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When starting your career journey, it is essential to have a plan that addresses all your personal and professional milestones—not just your preferred work setting. Developing a robust plan allows you to grow based on the impact you want to make. This can be achieved by having a clear understanding of your priorities and goals and having support to help you tackle your milestones.
We spoke with Jill Glessner, MS, CCC-SLP, Regional Director and ASHA Continuing Education Administrator from EBS Healthcare, who offers the following tips to help you develop your career plan.
Many factors go into planning your career, and you should have ways to maintain your personal/professional balance. Identify your career priorities by taking time to reflect, and ask, “Where am I in my career, where am I going, and what matters to me most?” Include anything important to you even if it doesn’t seem “career-relevant.”
Your priorities may include:
Next, develop three to five career goals, and revisit them regularly. As you start in your career, your goals may be straightforward; however, over time, they will change. Glessner explains:
My career with EBS started 17 years ago as my first job following my Clinical Fellowship. I wanted to relocate from the Midwest to Boston and work in schools. I placed my resume on ASHA’s job board and was contacted by EBS. At the time, I had no idea of the possibilities that were available to me. EBS offered me the opportunity to move without the heavy lift of “going it alone.” I was able to avoid the stress that comes with moving because I was able to tap into EBS’s resources to make the move easy. There was support for everything from licensure to finding places to live. Years later, when I had to move closer to family, I received the same support while still growing in my career.
Your goals should reflect your priorities. They should be specific, measurable, achievable, and relevant—and, they should be time-bound or SMART goals. Having SMART goals allows you to focus your time and energy. According to Glessner, “Be mindful and have clear outcomes for the things you pursue. Be honest about the time and effort needed for each task so you can order your steps and avoid burnout. Also, be sure that you have support in achieving your goals.”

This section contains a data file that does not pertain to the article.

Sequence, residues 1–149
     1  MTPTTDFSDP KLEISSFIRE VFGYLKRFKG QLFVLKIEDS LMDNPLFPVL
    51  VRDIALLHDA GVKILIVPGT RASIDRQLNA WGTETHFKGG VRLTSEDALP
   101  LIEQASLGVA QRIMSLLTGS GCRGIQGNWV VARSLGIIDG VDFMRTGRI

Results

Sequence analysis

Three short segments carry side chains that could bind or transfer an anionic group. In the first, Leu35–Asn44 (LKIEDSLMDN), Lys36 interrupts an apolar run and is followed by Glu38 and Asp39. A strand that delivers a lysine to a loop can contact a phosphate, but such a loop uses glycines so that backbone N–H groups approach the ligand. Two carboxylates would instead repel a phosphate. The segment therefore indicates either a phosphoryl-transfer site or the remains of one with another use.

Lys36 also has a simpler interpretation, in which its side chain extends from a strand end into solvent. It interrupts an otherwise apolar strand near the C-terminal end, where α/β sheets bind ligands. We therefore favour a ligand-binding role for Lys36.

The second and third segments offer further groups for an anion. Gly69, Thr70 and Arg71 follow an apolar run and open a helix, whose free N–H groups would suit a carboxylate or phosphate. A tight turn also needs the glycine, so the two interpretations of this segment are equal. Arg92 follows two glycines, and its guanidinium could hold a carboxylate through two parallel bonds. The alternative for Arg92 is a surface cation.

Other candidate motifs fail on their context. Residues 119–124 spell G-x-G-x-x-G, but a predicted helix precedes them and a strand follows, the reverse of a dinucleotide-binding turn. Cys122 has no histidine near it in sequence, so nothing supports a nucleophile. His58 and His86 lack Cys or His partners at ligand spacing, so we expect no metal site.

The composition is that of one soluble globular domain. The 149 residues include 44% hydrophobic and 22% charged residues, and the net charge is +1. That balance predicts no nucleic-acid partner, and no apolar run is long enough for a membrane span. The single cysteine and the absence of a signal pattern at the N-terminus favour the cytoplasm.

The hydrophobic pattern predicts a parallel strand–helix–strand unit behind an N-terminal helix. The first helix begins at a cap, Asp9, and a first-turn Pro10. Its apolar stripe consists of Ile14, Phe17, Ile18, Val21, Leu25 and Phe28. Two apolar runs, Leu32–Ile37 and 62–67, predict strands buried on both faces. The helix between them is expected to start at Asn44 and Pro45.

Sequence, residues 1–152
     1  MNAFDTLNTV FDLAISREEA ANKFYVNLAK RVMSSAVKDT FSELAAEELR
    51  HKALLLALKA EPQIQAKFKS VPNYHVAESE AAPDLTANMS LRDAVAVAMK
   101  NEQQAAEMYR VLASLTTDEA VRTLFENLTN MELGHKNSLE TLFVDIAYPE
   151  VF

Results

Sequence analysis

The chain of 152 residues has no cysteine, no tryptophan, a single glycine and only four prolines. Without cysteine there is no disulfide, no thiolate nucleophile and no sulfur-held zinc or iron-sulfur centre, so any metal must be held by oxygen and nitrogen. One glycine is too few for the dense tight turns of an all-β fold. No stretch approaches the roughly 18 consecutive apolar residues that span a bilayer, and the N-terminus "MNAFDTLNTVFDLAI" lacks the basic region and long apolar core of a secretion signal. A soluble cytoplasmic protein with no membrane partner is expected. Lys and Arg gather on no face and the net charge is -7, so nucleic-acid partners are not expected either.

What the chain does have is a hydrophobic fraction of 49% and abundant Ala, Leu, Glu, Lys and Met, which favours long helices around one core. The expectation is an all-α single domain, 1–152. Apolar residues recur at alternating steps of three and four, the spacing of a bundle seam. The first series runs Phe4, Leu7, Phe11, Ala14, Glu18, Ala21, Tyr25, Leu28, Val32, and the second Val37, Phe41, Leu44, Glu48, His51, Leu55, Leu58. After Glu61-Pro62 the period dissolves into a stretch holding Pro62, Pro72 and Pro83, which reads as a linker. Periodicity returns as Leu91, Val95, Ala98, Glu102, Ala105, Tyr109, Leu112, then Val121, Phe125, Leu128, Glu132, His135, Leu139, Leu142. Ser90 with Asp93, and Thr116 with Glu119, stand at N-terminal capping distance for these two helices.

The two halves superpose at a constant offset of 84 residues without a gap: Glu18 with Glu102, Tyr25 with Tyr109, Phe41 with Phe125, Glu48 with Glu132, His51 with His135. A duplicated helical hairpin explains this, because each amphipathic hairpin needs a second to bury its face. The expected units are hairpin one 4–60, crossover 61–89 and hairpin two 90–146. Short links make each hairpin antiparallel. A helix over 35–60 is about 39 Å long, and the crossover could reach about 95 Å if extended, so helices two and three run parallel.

Mentorship is required as you begin your career as a Clinical Fellow, but it also plays an integral part in helping you grow throughout your career. Having consistent support and someone to turn to when you have questions or challenges is the key to thriving. Glessner states:
It is important to be able to grow and take on new challenges. I have had the ability to be a thought leader, publishing journal articles for ASHA’s Special Interest Groups, and participate on an ASHA committee, just 6 years into my career, far sooner than I imagined. I would not have been [able] to do any of these things if it had not been for having the right mentor who encouraged me.
Mentorship can be informal or can be arranged through a formal program such as through an ASHA mentoring program, like the Leadership Mentoring Program. Many employers also offer training and various mentorship programs within the organization based on the employee’s career goals (e.g., EBS’s Mentoring/Training Program).
Seek mentoring from multiple sources—including from peers, allied health colleagues, co-workers, and professors—to make sure that you have someone to turn to who can help with your various goals. Glessner elaborates:
Find a mentor who is a connector. Someone who helps you develop creative solutions to challenges, build your network, and find resources. As a mentor, I want to help people achieve better outcomes and make the impacts that they are seeking, even if that means introducing them to another contact. I have been able to help a mentee interested in learning a language and working abroad by connecting them to a colleague from EBS United’s Bilingual Immersion Program.
The key to a successful mentoring relationship, no matter your career stage, is to have a mutual goal and open communication. Mentors should be accessible and approachable, and mentees should ask questions and be collaborative. Together, the mentor and mentee should plan ways to engage and should develop a strategy to achieve their agreed upon goals.
Growing in your career requires continuously learning. This is especially true when transitioning settings, areas of expertise, or populations treated. Have a plan for obtaining professional development. It can mean committing to learning for 1 hour a week or exploring a new interest at a conference or seminar. The goal is to commit to learning.
However, obtaining professional development can be costly. There are ways to save on professional development, but employer support can be transformative in your journey for growth.
You will have the opportunity to take your career on many diverse and remarkable paths. Whether your passion is direct service, training, research, or specializing in a specific area, having a clear plan and support will help you reach all your goals.